UK households are facing more financial pressure today than in recent years as the cost of living crisis escalates. And with wages failing to keep up with the rate of inflation, according to data from the Institute for Government for March to May 2022, this has led some consumers to rethink their finances to cover rising expenses.
A new NerdWallet survey of over 2,000 people in the UK revealed that:
- Almost half (46%) of Brits have either reduced or stopped paying into their savings, investments or pensions altogether during the last 12 months.
- One fifth (20%) of households are unsure whether they’ll be able to resume saving at the same level again due to the unprecedented financial insecurity caused by the cost of living crisis.
- More than one in 10 (13%) UK adults have no savings.
Here, we explore how the UK’s financial priorities are changing due to the cost of living crisis and what it means for our financial futures.
Almost half of Brits have stopped saving for the future
One of the most worrying stats from the NerdWallet survey is that 46% of Brits polled have either reduced or stopped paying into their savings, investments or pensions due to the cost of living crisis.
Women are more likely to be affected by the crisis, with 47% reducing how much they save compared to 44% of men.
Similarly, 41% of women said they could not afford to save because their entire income went towards covering basic everyday living expenses. While for men, this fell to 35%.
The table below shows the cost of living crisis has affected the savings habits of women and men in the UK.
|Have stopped or reduced savings||47%||44%|
|Are continuing to save as normal||43%||41%|
|I don’t have any savings||10%||15%|
Source: NerdWallet UK, August 2022
Breakdown of answers when asked: “When planning for the future have you stopped paying into, or reduced the amount going into savings, investments or pensions, over the last 12 months?” by gender.
Younger generations are struggling to save
The cost of living crisis appears to have hit younger generations the hardest. Over half (59%) of 18- to 24-year-olds reported a reduction in their savings over the last 12 months – much higher than the 36% of respondents in the 45 to 54 age group who have reduced how much they are saving.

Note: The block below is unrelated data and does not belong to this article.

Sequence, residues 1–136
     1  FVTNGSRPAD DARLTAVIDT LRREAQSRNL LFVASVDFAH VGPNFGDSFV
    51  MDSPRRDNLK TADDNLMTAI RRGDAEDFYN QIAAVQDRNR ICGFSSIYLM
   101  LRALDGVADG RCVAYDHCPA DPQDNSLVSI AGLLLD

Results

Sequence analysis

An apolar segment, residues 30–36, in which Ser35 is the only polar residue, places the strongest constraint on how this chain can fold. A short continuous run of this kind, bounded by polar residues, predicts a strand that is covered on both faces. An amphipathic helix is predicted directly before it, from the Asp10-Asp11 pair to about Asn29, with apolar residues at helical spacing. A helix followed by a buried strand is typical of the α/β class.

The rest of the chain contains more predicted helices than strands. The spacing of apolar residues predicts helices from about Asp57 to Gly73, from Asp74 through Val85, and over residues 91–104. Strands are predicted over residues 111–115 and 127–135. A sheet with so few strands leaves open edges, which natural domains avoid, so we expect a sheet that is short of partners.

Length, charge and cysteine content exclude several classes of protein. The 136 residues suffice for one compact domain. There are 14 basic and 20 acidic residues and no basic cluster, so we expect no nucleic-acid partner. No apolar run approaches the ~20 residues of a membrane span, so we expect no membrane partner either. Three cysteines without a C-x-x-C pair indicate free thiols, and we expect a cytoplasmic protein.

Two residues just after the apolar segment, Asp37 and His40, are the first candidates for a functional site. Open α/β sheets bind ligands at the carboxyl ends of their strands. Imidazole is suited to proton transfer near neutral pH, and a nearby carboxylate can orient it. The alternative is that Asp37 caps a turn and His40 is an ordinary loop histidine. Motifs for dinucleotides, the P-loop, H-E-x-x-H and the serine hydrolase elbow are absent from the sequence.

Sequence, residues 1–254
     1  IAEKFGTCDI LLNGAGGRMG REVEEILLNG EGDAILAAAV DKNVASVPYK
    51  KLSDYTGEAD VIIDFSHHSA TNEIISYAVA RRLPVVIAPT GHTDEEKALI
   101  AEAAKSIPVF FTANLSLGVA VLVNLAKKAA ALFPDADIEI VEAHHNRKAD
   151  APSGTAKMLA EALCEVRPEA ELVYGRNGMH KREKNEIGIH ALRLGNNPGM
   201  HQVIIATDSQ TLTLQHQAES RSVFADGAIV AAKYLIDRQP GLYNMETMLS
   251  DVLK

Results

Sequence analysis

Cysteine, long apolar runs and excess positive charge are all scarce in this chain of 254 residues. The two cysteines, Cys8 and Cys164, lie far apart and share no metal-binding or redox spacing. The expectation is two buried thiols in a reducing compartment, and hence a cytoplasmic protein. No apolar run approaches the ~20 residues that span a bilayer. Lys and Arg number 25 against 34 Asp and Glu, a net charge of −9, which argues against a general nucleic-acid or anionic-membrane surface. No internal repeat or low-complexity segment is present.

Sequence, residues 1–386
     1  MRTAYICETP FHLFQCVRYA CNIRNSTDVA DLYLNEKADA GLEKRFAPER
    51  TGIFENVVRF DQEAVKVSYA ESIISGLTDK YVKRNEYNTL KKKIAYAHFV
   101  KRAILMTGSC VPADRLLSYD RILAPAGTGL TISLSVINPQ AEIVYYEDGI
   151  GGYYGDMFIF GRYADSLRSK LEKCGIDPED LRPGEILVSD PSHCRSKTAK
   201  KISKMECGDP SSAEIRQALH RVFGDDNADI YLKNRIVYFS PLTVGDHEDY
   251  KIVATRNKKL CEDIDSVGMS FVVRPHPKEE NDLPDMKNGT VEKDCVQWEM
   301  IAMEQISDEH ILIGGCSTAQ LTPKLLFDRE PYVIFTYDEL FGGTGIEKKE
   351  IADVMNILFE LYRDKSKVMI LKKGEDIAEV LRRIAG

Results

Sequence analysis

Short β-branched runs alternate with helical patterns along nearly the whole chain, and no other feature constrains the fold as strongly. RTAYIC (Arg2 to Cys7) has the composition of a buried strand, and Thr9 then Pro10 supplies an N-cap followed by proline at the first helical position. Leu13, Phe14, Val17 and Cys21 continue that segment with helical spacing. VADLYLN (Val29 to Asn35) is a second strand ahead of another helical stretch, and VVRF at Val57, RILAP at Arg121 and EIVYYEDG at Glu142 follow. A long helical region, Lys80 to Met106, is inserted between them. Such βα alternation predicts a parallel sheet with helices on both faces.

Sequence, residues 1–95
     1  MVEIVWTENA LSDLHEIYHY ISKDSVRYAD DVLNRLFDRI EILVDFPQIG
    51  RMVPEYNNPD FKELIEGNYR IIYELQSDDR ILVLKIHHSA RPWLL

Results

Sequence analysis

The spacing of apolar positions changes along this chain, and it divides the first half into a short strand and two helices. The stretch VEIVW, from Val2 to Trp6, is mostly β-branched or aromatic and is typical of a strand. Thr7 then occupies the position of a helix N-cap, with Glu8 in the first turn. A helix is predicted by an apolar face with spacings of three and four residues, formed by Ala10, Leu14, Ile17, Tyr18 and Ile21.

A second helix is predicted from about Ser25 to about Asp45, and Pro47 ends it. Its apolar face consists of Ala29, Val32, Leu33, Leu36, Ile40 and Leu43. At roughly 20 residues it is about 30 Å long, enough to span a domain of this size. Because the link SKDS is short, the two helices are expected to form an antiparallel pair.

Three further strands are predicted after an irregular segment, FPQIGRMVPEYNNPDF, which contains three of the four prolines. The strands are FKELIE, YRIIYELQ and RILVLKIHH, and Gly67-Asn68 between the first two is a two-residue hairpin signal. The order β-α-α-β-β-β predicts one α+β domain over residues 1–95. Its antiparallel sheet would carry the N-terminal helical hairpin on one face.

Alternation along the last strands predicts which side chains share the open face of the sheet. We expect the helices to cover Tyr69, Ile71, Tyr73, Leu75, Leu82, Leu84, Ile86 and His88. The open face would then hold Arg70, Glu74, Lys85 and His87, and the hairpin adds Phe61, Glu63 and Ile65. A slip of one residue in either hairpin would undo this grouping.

The graph below shows how the cost of living crisis has affected different age groups in the UK.
Breakdown of answers when asked: “When planning for the future have you stopped paying into, or reduced the amount going into savings, investments or pensions, over the last 12 months?” by age group
Many turn to short-term financial solutions
As the cost of living crisis escalates, households are turning to short-term tactics to balance their finances.
Almost two thirds (63%) of those surveyed who had either reduced or stopped paying into their savings, pensions or investments intend to contribute again in six months’ time. Meanwhile, 14% said that they hoped to restart their savings after nine or 12 months. However, one in five (20%) stated that they are not sure when they will be able to start saving again.
Some 43% of respondents believed that the financial crisis has resulted in them thinking about their finances on a short-term basis. Those aged 25- to 34-years-old were particularly affected, with over half (54%) adopting this financial outlook.
» MORE: How to manage your finances during the cost of living crisis
What could happen if you reduce your pensions, savings or investments?
Making any decisions that might affect your pensions, savings or investments could have a significant impact on your financial situation in the future.
Reducing pension contributions
More than one fifth (22%) of UK adults surveyed were unsure of how to invest in their future. And a further one in 10 feared that they would never have enough money to retire.
Reducing pension contributions may leave individuals with a significant shortfall in their retirement savings. This means that they will have less income to cover everyday expenses when they retire.
Richard Eagling, pensions expert at NerdWallet, said: “Saving for the future is something we all need to do – especially with the state pension age set to rise.
“It is important that individuals understand the potential impact of reducing or stopping their savings, investments or pensions and how this could hamper their attempts to reach their life goals such as a comfortable retirement.